Colcannon is a steadfast stable in Ireland. Potatoes and cabbage are common and readily available - so combining them seems to be a thing. While boiled potato and boiled cabbage sounds like a punishment reminiscent of 1970's family dinners rather than a celebration - our take on it elevates it to a side that is decadent, comforting and delicious.
1-1.25 kg potatoes of the best potatoes you can find - try to buy ones around the same size
200 g cabbage or kale torn into small pieces with the stems removed
A couple of sprigs of thyme, a bay leaf and some rosemary
1 cup of full fat milk
A generous pinch (or two) sea salt flakes
A generous grind of black pepper
1 small clove of garlic
4 spring onions
150 grams unsalted butter
Make sure your potatoes are clean. Place the whole potatoes into a large pot of salted water with the herbs and bring to the boil.
Cook until they tender when you pierce with a paring knife - about 30-40 minutes.
Meanwhile gently saute in a tablespoon of the butter the kale or cabbage until just soft and wilted. Set aside.
Finely slice the spring onions. Set these aside.
Gently strain the potatoes - you want them to stay intact so they don't get waterlogged and soggy. Place the large pot back on the stove top (with the heat off) and pop the potatoes back in. You want to dry them off with the heat of the pot.
Using a potato ricer, squeeze the potatoes through discarding the skins. Warm the milk in a milk pan (or the microwave) with the clove of garlic in it. The garlic will infuse just a little to add a bit of a kaboom to your potato.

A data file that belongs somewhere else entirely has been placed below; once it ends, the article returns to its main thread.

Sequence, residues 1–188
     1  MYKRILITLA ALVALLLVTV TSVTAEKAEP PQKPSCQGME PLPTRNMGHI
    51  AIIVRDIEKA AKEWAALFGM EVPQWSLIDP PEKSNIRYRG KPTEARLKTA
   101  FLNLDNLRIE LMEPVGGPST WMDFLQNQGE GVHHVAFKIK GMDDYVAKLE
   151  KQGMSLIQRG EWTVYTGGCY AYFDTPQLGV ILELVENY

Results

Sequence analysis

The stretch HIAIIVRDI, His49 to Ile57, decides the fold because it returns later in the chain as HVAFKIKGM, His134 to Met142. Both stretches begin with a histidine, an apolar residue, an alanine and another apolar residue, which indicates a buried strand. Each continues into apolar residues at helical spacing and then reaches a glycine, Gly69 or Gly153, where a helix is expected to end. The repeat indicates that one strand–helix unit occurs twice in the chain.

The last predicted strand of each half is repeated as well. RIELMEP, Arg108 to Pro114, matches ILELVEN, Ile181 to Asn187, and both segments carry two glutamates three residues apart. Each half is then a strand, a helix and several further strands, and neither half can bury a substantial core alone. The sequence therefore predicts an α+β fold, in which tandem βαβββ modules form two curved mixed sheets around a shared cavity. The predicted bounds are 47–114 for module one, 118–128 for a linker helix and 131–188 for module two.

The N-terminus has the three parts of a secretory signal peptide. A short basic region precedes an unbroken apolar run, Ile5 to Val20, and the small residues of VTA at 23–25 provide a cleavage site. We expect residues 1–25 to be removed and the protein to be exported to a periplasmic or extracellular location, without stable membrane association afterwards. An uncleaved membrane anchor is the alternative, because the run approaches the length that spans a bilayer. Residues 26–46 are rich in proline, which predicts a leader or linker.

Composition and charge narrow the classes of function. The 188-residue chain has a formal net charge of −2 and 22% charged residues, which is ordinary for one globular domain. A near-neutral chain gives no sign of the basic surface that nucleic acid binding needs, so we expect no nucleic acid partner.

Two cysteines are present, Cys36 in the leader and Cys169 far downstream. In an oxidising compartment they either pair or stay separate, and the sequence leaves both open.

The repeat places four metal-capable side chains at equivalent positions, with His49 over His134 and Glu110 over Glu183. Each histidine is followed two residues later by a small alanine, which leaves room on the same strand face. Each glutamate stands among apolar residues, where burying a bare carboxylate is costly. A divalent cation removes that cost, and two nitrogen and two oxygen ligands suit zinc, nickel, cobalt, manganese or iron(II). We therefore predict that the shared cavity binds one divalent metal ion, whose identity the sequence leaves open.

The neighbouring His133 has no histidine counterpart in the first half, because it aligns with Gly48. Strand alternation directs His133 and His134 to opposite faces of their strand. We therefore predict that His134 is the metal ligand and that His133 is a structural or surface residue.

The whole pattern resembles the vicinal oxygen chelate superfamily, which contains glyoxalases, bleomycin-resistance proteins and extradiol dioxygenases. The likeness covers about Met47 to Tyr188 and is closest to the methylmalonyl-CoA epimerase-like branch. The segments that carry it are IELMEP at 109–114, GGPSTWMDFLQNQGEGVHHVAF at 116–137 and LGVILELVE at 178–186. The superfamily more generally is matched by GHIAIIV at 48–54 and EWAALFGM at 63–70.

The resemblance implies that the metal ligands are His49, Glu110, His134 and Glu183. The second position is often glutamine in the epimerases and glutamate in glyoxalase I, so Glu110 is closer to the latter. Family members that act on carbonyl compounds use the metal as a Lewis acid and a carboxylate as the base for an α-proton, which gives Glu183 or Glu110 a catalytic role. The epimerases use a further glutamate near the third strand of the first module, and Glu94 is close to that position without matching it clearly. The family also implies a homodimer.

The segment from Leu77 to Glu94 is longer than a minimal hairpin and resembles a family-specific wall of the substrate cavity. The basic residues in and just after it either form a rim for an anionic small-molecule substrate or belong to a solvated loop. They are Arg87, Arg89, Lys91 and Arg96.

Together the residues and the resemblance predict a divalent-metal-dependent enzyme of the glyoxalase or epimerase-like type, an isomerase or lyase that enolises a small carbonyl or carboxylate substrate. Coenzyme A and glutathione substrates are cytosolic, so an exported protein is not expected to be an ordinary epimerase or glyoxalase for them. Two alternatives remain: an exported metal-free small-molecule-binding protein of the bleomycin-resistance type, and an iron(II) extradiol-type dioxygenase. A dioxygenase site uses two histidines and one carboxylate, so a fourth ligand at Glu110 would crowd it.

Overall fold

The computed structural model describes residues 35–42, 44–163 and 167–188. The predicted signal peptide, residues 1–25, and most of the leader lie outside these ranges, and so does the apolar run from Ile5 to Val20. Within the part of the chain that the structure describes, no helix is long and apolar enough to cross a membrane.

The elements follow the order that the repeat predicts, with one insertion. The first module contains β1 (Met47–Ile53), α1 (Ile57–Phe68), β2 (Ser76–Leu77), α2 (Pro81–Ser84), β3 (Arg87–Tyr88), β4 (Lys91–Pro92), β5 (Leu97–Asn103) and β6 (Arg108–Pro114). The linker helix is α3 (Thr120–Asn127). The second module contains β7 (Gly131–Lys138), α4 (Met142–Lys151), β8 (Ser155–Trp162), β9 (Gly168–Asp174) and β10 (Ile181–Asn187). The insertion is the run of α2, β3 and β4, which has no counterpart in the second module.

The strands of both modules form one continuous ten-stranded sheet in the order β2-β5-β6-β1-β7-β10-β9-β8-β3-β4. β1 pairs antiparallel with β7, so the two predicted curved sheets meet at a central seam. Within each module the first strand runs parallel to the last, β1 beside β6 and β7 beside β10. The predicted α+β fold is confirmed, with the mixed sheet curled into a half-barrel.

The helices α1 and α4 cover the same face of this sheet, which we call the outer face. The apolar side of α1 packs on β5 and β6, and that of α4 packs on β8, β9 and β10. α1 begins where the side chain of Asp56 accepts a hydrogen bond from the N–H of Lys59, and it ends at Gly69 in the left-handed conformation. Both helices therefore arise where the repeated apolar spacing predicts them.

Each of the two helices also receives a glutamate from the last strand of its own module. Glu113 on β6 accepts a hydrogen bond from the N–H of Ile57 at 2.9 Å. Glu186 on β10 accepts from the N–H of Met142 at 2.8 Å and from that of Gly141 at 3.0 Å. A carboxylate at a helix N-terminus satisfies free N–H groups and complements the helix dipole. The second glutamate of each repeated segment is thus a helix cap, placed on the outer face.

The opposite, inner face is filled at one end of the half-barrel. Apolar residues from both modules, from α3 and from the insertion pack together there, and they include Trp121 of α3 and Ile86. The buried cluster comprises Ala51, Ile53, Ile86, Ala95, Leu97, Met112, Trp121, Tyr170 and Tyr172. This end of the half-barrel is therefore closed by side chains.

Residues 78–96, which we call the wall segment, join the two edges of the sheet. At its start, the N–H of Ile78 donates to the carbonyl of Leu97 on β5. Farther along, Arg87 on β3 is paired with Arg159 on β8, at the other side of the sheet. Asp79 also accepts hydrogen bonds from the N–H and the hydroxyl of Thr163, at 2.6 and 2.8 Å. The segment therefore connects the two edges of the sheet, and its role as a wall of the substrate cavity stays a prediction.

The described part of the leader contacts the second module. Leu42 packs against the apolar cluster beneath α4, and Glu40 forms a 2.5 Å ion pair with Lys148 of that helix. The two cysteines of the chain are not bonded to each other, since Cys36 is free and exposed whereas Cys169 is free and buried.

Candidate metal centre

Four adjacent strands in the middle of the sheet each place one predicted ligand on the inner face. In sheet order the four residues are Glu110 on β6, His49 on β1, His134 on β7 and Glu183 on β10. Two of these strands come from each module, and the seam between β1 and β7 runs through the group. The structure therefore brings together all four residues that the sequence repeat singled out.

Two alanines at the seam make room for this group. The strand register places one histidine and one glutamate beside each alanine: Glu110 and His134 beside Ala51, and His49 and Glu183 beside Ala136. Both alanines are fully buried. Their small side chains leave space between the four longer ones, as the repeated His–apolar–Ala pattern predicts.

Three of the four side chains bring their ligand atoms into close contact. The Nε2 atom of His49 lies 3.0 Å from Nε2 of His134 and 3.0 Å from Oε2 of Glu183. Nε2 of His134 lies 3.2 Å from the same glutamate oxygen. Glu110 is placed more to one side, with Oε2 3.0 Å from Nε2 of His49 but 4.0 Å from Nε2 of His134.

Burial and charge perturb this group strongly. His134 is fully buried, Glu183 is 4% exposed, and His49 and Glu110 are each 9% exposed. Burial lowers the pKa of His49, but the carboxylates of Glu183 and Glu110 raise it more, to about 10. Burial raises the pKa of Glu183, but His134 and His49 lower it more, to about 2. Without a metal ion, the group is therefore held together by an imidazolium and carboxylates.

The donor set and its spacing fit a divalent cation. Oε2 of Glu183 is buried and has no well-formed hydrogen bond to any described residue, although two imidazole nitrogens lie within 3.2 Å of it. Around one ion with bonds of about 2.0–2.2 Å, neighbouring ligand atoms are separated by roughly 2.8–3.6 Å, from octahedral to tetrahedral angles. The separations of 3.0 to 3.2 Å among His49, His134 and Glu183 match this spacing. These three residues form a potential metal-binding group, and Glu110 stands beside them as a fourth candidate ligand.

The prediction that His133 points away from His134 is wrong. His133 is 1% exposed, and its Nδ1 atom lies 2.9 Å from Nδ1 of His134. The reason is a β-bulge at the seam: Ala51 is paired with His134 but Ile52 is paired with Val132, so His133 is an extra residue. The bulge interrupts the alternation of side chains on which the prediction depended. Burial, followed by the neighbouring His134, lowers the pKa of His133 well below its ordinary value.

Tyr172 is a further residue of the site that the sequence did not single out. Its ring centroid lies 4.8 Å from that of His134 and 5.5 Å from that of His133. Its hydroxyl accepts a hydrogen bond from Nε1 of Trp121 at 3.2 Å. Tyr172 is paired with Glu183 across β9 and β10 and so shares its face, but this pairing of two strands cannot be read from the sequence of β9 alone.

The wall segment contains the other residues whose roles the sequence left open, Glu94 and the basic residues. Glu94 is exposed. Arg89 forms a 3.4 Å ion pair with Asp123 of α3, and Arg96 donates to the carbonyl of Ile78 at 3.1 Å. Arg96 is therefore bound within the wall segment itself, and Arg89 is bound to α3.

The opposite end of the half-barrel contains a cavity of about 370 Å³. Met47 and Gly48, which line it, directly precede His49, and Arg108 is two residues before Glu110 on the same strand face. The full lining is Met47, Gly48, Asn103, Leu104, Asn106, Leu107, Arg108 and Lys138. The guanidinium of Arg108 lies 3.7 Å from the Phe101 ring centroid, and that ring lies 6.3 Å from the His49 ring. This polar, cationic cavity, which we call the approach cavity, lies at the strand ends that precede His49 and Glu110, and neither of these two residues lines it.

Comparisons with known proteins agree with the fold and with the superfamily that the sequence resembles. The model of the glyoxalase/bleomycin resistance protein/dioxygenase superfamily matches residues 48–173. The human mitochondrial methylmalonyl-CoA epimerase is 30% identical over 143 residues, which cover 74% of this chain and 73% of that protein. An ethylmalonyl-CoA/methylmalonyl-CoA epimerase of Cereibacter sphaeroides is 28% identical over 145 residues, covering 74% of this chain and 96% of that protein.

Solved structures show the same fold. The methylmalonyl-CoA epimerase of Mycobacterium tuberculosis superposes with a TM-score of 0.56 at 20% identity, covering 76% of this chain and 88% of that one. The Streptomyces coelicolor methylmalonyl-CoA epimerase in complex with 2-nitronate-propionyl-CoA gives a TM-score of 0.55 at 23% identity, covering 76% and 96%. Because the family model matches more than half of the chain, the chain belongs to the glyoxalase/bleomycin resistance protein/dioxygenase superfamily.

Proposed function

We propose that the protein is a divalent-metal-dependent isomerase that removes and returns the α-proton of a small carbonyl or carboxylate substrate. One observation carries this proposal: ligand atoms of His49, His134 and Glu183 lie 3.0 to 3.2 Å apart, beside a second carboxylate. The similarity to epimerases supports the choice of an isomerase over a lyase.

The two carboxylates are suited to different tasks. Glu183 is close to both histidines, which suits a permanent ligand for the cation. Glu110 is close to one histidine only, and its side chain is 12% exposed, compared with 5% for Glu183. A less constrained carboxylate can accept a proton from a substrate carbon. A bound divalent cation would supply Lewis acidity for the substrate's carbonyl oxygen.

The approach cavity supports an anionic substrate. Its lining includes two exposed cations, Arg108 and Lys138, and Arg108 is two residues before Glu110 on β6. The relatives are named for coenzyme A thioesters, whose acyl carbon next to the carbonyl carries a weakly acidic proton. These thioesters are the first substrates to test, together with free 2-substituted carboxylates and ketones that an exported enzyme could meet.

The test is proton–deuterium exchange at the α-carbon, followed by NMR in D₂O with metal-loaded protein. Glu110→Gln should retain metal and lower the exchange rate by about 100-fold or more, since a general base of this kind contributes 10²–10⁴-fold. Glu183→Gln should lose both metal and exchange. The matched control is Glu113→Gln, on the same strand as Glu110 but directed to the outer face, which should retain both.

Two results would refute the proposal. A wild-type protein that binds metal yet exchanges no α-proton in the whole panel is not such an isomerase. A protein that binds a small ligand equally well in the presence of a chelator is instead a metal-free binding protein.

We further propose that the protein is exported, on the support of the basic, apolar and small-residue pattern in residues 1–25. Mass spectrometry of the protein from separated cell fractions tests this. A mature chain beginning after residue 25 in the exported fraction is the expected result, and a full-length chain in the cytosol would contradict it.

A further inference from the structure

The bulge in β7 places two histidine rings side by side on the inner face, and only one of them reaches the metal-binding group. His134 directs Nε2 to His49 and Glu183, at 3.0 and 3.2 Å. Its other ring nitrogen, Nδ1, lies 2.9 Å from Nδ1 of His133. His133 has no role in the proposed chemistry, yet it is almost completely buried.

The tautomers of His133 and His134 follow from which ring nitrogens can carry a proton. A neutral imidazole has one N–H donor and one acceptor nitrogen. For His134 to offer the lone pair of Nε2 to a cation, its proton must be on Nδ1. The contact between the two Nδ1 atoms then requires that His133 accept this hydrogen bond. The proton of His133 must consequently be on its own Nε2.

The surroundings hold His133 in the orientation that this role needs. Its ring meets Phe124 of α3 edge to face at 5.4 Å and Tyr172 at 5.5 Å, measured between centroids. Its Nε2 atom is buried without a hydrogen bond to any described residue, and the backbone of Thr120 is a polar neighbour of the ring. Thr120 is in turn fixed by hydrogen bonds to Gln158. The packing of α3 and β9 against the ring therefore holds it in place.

Place the riced potato pot on a low heat add 1/2 of the remaining butter and start to work the potato with a wooden spoon. You want a rustic mash but not too chunky. Remove the garlic clove from the milk and discard, then slowly add milk to the potatoes, mixing all the time. Add salt and pepper to taste.
Fold in the sautéed cabbage or kale and mix through. Add the remainder of the butter to the frypan you cooked the cabbage/kale in, and gently heat until the butter turns a golden colour. Add most of the butter to the potato and mix. Add the spring onions and stir through.
Pop the potato mix into a serving bowl and drizzle the rest of the browned butter over the top. Sprinkle salt flakes and more pepper over the buttered potatoes. Let's face it: you can't have too much butter, too much crunchy salt or pepper.
It might be a slight variation from the tradition. But oh my. It is good. Butter makes everything better! Traditionally it would be served with corned beef - but it is seriously good with steak. Or on it's own.....